People who are "in charge" of studios now are overwhelmingly of two varieties: They're either individuals (mostly men due to social constraints in the 70's and 80's) who fought against the constant stream of "games are for kids!" and "there's no respectable career in video games!". I know that as a kid growing up, I was constantly hit with a cultural negativity and disdain for my hobby. I even stopped playing games during high school (1999-2003) in part because of this backlash (and a thousand other reasons, like how my high school's theater program was amazing!).

It hasn't been very long since games began to be taken seriously, and the reality is that it takesdecades to work your way to power within any industry. We have a huge number of women hopefully sticking with STEM and game-related focus. But we're still 10-15 years away from seeing the fruits of that labor. Since cultural acceptance and actual academic programs are relatively new, it's no surprise that the majority of developers are the sort of people for whom it was both marginally acceptable (male) and who also possessed the drive to fight against the overwhelming cultural bias against "gaming". We forget this, and I suspect and hope that in the next decade we'll see huge strides in gender parity.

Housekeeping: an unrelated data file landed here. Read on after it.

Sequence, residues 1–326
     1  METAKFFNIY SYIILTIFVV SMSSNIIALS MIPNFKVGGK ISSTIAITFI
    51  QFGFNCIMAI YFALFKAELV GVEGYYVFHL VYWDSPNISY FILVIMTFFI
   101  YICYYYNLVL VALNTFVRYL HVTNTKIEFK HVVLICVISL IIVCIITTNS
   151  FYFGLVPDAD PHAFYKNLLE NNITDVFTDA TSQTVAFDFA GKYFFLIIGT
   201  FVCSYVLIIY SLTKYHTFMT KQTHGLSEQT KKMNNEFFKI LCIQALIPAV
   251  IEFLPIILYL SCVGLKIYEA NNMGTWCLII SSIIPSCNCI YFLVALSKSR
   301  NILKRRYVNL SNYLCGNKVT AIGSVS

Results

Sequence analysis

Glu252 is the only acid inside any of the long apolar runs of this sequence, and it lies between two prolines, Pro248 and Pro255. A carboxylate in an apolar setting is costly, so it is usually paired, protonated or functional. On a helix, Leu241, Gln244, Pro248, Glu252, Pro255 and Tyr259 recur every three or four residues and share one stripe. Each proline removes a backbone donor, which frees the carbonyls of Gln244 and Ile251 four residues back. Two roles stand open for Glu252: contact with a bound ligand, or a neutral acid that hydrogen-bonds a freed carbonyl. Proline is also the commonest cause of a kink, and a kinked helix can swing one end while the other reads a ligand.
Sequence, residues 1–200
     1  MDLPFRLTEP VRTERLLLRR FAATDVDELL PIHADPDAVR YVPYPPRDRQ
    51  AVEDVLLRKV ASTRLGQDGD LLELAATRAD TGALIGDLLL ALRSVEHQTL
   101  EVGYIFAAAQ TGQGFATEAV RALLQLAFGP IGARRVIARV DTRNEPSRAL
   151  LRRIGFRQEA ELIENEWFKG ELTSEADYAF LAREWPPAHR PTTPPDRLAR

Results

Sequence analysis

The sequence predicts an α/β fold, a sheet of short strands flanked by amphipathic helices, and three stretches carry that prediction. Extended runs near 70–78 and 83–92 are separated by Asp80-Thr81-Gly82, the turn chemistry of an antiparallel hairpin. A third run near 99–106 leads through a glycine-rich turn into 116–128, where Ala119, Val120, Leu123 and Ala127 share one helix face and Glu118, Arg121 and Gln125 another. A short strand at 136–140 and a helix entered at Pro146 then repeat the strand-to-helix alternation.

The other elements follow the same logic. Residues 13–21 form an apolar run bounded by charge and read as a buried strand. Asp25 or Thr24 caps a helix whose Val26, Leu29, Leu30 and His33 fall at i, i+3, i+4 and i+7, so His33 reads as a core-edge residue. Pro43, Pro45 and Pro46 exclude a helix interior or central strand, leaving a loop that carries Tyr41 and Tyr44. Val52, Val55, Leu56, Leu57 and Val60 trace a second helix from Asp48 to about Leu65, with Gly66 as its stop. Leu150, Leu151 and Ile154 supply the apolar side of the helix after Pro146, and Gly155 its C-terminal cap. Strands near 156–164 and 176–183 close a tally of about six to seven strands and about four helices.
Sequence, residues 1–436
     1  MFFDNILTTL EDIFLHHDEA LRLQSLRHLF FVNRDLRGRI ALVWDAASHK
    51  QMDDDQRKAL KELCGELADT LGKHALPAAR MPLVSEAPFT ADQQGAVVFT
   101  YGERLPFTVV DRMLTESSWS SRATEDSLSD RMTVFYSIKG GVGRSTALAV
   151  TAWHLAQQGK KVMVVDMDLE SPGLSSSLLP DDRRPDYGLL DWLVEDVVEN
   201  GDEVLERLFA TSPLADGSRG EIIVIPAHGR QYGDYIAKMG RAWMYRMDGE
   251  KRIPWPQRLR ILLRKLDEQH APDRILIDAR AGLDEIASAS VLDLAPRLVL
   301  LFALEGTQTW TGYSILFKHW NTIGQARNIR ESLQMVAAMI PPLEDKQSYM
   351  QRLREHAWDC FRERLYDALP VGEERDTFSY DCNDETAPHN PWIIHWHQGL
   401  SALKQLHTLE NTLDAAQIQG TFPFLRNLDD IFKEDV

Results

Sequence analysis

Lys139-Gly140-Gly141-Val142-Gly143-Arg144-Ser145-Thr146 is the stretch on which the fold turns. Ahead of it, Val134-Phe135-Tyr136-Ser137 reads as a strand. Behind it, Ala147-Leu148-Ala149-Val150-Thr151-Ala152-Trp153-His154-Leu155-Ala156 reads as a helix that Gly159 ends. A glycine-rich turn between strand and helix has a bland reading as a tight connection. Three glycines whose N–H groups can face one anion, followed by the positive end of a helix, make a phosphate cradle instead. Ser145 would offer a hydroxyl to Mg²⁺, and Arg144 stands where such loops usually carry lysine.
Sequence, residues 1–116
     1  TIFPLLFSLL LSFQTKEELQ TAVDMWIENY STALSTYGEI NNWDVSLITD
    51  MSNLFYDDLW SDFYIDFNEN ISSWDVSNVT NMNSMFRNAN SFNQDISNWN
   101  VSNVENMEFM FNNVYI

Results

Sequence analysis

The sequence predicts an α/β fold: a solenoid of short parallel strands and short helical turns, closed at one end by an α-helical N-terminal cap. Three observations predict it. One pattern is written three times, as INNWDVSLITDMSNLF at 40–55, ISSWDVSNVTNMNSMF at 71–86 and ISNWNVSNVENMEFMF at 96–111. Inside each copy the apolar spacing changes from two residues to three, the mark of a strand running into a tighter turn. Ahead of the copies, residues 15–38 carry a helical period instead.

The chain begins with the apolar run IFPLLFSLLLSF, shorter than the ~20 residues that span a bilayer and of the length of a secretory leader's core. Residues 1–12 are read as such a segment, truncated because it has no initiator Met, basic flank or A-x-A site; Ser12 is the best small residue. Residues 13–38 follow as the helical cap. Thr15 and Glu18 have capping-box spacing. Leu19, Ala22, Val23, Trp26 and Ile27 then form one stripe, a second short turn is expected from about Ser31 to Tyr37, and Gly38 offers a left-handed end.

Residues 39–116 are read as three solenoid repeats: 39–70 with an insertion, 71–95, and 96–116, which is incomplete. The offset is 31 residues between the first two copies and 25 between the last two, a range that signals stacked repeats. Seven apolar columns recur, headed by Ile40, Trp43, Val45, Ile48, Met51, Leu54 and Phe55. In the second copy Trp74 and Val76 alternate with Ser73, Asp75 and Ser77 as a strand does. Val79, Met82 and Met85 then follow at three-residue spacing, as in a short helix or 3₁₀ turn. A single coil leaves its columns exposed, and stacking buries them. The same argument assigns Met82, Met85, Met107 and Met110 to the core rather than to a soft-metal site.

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I remember, when I was finishing my undergrad in 2007, realizing that if I had been born even a year or two later that I could have done a sociology major with an actual focus on gaming. That killed me because it's what I love.

Regardless, I'd propose that the issue is a general homogenizing force in "big business" gaming that is a result of context and the need to produce hits quickly rather than a dedicated issue with keeping women out. The quicker we can democratize gaming and rely on crowdfunding and the such the better off we are. Support good writers when we want well written characters. Support good designers when we want a good sim or a decent world-builder. We're looking at this industry and not giving them any credit for their immense shifts over the last five years.

Bah, regardless I find GTA5 to be boring and awful. Not me. Thankfully I have bunches of games to play that I like and enjoy.